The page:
[Python-Dev] Re: [Python-checkins] CVS: python/dist/src/Objects abstract.c,2.50,2.51

Guido van Rossum guido@beopen.com
Fri, 01 Sep 2000 12:10:35 -0500

> On Thu, Aug 31, 2000 at 07:39:03PM -0700, Guido van Rossum wrote:
> > Add parens suggested by gcc -Wall.

Thomas replied:

> No! This groups the checks wrong. HASINPLACE(v) *has* to be true for any of
> the other tests to happen. I apologize for botching the earlier 2 versions
> and failing to check them, I've been a bit swamped in work the past week :P
> I've checked them in the way they should be. (And checked, with gcc -Wall,
> this time. The error is really gone.)

Doh!  Good catch.  But after looking at the code, I understand why
it's so hard to get right: it's indented wrong, and it's got very
convoluted logic.

Suggestion: don't try to put so much stuff in a single if expression!
I find the version below much clearer, even though it may test for
f==NULL a few extra times.  Thomas, can you verify that I haven't
changed the semantics this time?  You can check it in if you like it,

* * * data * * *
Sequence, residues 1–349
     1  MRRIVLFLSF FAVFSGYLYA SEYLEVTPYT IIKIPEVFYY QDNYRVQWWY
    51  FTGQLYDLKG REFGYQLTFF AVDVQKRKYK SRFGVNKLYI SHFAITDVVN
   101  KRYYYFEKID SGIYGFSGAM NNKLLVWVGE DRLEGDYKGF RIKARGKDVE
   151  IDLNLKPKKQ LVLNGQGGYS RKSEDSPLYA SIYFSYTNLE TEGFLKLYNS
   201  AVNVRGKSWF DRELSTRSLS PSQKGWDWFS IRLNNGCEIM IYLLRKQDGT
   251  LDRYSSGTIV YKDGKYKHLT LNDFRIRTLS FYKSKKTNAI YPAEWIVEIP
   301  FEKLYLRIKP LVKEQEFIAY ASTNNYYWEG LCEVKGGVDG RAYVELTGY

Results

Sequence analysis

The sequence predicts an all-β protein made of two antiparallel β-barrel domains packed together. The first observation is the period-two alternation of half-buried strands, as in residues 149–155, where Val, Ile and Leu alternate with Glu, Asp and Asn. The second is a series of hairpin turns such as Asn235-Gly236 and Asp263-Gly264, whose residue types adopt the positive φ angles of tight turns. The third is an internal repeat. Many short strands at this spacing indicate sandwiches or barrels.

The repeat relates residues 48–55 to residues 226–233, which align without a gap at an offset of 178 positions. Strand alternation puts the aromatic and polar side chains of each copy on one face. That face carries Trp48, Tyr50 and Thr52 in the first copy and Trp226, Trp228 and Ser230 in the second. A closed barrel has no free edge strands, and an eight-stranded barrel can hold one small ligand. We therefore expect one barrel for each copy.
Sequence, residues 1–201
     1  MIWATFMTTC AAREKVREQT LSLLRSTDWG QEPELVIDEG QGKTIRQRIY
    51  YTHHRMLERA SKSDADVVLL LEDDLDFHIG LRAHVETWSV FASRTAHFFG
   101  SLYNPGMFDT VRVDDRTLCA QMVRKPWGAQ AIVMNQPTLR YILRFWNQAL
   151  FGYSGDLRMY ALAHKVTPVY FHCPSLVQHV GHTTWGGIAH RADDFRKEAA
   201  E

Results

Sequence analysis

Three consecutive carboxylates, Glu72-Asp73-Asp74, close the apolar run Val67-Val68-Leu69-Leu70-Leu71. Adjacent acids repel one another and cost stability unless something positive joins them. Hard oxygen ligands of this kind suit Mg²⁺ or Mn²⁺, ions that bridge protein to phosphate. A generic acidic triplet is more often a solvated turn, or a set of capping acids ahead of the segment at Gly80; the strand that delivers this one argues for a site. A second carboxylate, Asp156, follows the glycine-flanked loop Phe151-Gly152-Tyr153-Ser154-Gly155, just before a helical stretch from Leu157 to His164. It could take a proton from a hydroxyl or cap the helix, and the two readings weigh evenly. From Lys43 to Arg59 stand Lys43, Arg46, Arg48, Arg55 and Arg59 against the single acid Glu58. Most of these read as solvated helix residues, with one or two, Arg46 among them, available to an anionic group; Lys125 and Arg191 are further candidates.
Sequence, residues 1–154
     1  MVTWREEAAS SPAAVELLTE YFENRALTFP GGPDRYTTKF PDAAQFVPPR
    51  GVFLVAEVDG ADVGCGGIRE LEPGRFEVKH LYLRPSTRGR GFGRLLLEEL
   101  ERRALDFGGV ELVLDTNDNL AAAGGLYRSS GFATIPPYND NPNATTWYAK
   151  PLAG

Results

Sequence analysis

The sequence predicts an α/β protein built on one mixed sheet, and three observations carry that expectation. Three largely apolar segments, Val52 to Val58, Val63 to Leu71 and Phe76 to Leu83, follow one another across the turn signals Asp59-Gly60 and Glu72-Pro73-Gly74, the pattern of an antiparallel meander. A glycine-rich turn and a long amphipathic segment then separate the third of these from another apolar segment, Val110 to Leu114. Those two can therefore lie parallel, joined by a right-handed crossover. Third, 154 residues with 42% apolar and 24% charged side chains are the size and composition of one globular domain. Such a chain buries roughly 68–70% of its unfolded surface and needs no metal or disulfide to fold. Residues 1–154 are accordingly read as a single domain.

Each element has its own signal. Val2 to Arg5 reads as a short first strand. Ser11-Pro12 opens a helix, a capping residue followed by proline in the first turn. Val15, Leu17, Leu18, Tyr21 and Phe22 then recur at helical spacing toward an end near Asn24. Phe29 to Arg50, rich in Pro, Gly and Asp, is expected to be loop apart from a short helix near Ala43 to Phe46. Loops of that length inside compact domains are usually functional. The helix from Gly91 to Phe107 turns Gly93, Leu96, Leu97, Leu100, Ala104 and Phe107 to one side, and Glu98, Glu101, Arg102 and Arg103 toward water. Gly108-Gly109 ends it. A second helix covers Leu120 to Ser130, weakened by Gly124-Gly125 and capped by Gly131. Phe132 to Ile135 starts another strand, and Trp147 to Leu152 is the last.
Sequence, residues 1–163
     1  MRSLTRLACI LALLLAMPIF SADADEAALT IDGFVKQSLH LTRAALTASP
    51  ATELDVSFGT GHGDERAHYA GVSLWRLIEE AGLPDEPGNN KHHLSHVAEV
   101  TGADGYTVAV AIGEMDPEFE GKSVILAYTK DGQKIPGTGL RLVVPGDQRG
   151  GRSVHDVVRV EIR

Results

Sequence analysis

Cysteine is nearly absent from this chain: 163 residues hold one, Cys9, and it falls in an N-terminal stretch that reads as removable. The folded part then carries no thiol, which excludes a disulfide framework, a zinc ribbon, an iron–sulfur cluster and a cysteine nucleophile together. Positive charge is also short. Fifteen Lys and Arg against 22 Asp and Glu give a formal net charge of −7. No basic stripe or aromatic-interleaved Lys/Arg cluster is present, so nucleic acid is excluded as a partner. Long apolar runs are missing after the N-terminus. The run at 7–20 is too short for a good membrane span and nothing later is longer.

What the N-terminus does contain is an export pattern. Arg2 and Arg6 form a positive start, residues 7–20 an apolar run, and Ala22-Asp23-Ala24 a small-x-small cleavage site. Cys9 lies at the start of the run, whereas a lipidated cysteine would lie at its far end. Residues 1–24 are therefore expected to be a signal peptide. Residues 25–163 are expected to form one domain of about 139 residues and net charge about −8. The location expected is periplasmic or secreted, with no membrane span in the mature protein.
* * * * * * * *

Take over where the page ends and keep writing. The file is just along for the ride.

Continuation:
or you can have me check it in.

PyObject *
PyNumber_InPlaceAdd(PyObject *v, PyObject *w)
	PyObject * (*f)(PyObject *, PyObject *) = NULL;
	PyObject *x;

	if (PyInstance_Check(v)) {
		if (PyInstance_HalfBinOp(v, w, "__iadd__", &x,
					 PyNumber_Add, 0) <= 0)
			return x;
	else if (HASINPLACE(v)) {
		if (v->ob_type->tp_as_sequence != NULL)
			f = v->ob_type->tp_as_sequence->sq_inplace_concat;
		if (f == NULL && v->ob_type->tp_as_number != NULL)
			f = v->ob_type->tp_as_number->nb_inplace_add;
		if (f != NULL)
			return (*f)(v, w);

	BINOP(v, w, "__add__", "__radd__", PyNumber_Add);

	if (v->ob_type->tp_as_sequence != NULL) {
		f = v->ob_type->tp_as_sequence->sq_concat;
		if (f != NULL)
			return (*f)(v, w);
	if (v->ob_type->tp_as_number != NULL) {
		if (PyNumber_Coerce(&v, &w) != 0)
			return NULL;
		if (v->ob_type->tp_as_number != NULL) {
			f = v->ob_type->tp_as_number->nb_add;
			if (f != NULL)
				x = (*f)(v, w);
		if (f != NULL)
			return x;

	return type_error("bad operand type(s) for +=");

--Guido van Rossum (home page: http://www.pythonlabs.com/~guido/)